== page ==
Teaching: Art or Science?
Use, after selection, of materials Classroom management skills Human relations skills Instructional skills Obviously, the qualities listed above are neither esoteric, mystical, nor new. In addition, all but one is necessary for success in any line of work, not just teaching. The one characteristic unique to the teaching profession is instructional skills. What exactly are “instructional skills”? Rice and Taylor (2000) identified these five core instructional skills: Selecting an objective at or near the correct range of difficulty and
level of complexity Teaching to the objective Maintaining the focus of the learner on the objective Using, without abusing, the principles of learning Monitoring and adjusting (As a mnemonic device for my exam, I used the acronym TUMMS to recall these five instructional practices.) The science of teaching, then, comprises these five instructional skills. No matter what subject or grade, these skills remain constant. Both the kindergarten teacher and the algebra teacher must select objectives at or near the correct range of difficulty and level of complexity. Elementary and secondary teachers need to teach the objectives while maintaining the focus of the learners on those objectives. The principles of learning are present in any instructional lesson, and all effective teachers monitor and adjust their lessons as situations arise. An oft-debated topic in many of my education classes revolved around whether effective teaching is an art or a science. Personally, I have always focused more on the art of teaching than the science of teaching. However, in reality, the two are equally important as well as interrelated. Many of us at Otwell Middle School are artists at the craft of teaching. To watch Joanie Anderton in action, for example, is akin to viewing a performer worthy of acclaim. Meanwhile, Frank McCormack is not only a scientist (literally), he is also well versed in the scientific principles of effective teaching. Even the most sterling teaching performance may prove meaningless unless such a performance is based upon a sound scientific knowledge base. At the same time, the most scientifically sound lesson in the history of pedagogy will prove fruitless in terms of student learning if the teacher is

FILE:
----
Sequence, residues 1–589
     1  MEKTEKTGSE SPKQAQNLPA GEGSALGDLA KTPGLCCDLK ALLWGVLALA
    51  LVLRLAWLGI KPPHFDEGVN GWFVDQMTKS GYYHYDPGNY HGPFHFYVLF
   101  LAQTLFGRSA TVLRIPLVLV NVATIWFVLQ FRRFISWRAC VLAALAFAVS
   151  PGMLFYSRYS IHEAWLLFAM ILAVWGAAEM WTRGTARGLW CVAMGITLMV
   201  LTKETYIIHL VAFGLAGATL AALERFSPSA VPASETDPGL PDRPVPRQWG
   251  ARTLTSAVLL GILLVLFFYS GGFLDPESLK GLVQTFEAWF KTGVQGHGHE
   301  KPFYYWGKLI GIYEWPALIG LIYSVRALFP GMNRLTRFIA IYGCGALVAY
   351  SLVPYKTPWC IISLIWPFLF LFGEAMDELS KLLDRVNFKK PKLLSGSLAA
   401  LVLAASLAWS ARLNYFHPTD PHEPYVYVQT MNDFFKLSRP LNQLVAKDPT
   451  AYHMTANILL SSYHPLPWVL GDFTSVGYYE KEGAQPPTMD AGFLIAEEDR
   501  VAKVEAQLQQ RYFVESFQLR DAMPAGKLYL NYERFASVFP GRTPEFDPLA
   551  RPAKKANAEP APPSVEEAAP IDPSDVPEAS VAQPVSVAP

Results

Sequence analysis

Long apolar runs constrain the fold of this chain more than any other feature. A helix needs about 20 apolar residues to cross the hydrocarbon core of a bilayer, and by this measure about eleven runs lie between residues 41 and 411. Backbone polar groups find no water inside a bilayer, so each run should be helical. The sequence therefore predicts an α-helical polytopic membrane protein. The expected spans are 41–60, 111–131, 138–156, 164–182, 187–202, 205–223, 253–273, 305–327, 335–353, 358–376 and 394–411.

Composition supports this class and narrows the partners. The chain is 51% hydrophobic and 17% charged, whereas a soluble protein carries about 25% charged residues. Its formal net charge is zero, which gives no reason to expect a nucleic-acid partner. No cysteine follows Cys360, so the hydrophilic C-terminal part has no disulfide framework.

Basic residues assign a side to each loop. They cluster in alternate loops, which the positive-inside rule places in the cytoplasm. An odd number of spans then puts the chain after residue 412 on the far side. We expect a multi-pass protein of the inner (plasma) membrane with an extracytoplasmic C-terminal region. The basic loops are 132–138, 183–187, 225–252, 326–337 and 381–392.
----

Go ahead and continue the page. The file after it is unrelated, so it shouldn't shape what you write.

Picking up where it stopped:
sion each day.